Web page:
Cadle explains that changing her lifestyle was not just about diet and exercise; it was about accepting her past and her present. It required her to be aware of sleep patterns, stress management, and a balanced lifestyle.

“The program instructors give 100 percent, and when the professionals who are volunteering their time give 100 percent, it inspired me to give 100 percent too,” Cadle said.

“The atmosphere at CRI Life Enhancement Program is like a family. They gave me the family I needed in Savannah to make me like being here even more. The group accepted me for who I am and didn’t judge me.”

Cadle realized that it wasn’t just her daughter who needed a change in lifestyle. By experiencing the program, Cadle realized that she herself was depressed and in need of a healthy change.

Cadle’s home became much cleaner, and her cooking changed too—she started shopping for and preparing healthier, fresher, and lighter meals.

“We used to eat a lot of fatty stuff,” she said. “When you get hands-on demonstrations, you can go home and do it yourself. We cut out a lot of fried chicken.”

Cadle lost 20 pounds. She also began a yoga routine.

“I never saw myself doing yoga,” she said. “Yoga is now the biggest influence on me because I was very stressed and depressed. Yoga really helped me. I was having a tough time at work. Now I feel calmer and more accepting.”

She began walking, too.

The program schedules downtown Savannah walking groups at 9:30 AM on Saturday mornings at Curtis V. Cooper Primary Health Care. There is an instructor-led walking class for both beginner and intermediate level walkers.

At 52 years old, Cadle now runs 5Ks.

“I just ran a 5K,” she said. “I loved it. It was a big challenge; I did it in 46 minutes back in the winter. And last weekend, I did it in 39 minutes! I used to run a little then walk a little. Now I can run a mile without stopping!”

As for Cadle’s daughter, Tikiha lost more than 20 pounds over the summer and now does yoga and dances. She also eats healthier, mainly because of what her mother is cooking, but also because she’s making her own wiser choices.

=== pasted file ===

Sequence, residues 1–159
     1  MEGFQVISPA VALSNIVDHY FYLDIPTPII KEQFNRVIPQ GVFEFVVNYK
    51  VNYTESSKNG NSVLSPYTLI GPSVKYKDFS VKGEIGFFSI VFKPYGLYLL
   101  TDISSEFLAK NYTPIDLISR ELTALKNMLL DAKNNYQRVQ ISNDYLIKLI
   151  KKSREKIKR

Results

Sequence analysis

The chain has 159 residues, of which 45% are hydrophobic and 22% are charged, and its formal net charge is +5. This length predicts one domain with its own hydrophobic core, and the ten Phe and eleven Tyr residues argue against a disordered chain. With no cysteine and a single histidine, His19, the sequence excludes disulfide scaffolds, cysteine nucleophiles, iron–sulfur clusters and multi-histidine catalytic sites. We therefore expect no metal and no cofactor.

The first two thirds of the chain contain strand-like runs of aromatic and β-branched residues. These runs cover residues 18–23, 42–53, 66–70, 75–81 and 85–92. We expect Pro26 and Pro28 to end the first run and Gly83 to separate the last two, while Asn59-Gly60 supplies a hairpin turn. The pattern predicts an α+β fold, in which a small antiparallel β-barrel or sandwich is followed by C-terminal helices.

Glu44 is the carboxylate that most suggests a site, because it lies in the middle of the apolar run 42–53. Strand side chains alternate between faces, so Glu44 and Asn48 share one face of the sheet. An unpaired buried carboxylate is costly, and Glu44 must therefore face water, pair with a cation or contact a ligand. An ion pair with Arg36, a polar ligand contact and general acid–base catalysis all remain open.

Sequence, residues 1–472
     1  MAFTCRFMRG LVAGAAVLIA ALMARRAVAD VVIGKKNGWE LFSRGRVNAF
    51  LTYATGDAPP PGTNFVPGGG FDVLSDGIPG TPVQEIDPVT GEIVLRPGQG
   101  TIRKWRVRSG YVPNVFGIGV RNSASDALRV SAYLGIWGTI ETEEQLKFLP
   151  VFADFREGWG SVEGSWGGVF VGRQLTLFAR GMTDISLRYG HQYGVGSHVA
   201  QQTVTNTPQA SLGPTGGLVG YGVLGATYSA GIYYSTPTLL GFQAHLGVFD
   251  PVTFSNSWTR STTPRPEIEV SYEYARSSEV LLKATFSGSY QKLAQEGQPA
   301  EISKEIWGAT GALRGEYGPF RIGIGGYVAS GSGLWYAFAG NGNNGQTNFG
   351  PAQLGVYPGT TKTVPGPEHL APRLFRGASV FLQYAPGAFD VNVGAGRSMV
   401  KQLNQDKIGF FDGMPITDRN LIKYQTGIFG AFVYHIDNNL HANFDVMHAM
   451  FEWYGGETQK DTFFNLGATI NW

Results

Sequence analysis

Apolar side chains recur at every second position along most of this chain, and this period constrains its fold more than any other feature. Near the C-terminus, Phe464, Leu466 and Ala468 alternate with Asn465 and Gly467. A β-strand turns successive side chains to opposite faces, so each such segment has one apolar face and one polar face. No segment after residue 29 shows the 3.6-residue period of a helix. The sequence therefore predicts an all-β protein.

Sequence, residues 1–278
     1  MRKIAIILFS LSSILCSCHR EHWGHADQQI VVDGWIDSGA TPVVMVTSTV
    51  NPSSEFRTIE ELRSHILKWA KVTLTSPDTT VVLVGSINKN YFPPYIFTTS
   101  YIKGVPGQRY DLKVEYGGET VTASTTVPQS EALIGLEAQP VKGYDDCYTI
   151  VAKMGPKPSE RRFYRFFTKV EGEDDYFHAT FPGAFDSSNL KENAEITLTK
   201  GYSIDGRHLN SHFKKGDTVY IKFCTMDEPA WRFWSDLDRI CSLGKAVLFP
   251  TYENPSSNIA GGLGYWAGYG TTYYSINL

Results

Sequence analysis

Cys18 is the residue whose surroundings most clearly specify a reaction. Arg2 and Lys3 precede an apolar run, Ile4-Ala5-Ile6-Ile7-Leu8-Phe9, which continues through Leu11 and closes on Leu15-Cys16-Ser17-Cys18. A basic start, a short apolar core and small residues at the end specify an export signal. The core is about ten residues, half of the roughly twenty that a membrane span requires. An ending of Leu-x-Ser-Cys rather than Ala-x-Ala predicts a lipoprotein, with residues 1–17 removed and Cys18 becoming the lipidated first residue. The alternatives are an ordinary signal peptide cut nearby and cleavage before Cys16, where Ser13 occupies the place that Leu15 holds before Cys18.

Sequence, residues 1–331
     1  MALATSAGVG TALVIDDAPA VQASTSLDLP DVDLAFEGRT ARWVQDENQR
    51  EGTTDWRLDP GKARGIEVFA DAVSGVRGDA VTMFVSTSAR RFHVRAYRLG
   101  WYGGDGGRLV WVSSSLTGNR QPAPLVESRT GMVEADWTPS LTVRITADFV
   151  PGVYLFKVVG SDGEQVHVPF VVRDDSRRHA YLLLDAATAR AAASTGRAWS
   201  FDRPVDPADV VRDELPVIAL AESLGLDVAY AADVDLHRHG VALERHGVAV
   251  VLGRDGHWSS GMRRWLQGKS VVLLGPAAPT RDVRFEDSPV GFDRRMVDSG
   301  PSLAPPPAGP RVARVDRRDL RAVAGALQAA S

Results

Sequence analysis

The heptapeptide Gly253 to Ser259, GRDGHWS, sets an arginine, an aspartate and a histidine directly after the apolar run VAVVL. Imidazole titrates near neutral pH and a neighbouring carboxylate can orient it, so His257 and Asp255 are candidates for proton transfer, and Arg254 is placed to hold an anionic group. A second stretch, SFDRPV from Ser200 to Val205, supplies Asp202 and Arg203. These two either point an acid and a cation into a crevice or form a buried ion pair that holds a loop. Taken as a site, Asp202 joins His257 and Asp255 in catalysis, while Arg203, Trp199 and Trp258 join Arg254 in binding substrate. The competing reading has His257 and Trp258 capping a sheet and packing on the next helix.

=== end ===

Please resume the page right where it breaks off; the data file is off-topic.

“I stopped eating cake,” she said. “I’ll bake it, but I won’t eat it. And I won’t eat candy that’s really sweet anymore.”

Tikiha was also recently invited to the prom.

“My goal is to be a size 12,” she said. “I feel happier now. I’m thankful for what my mom has done with going through the program. I’m always thankful for my mother.”

Tikiha’s nurse practitioner at Curtis V. Cooper Primary Health Care, Chris Ferrelle, sees major changes in both Tikiha and her mother, as well as other participants in the program.

“It’s amazing to see how one person can affect the whole family,” Ferrelle said.

Ferrelle is also one of the integrative health practitioners on the CRI Life Enhancement Program core team. She also participates in yoga and attends the gardening sessions (open to the public) at Trustees’ Garden the first and third Saturday of every month.

“I have to be able to practice what I preach,” explains Ferrelle.

Cadle’s walking instructor has noticed the difference in Cadle.

“My walking instructor at the program says she can see a change in my smile,” Cadle said. “I don’t know if they realize how much they’re changing lives: it’s happiness, it’s how to live better, and not to be scared of success. I’ve had tremendous growth with this program. I hope to continue it the rest of my life.”

For those interested in learning more about the impact CRI Life Enhancement Program had on Cadle and about the inspiration and effects CRI Life Enhancement Program has on participants, Cadle may be reached by email at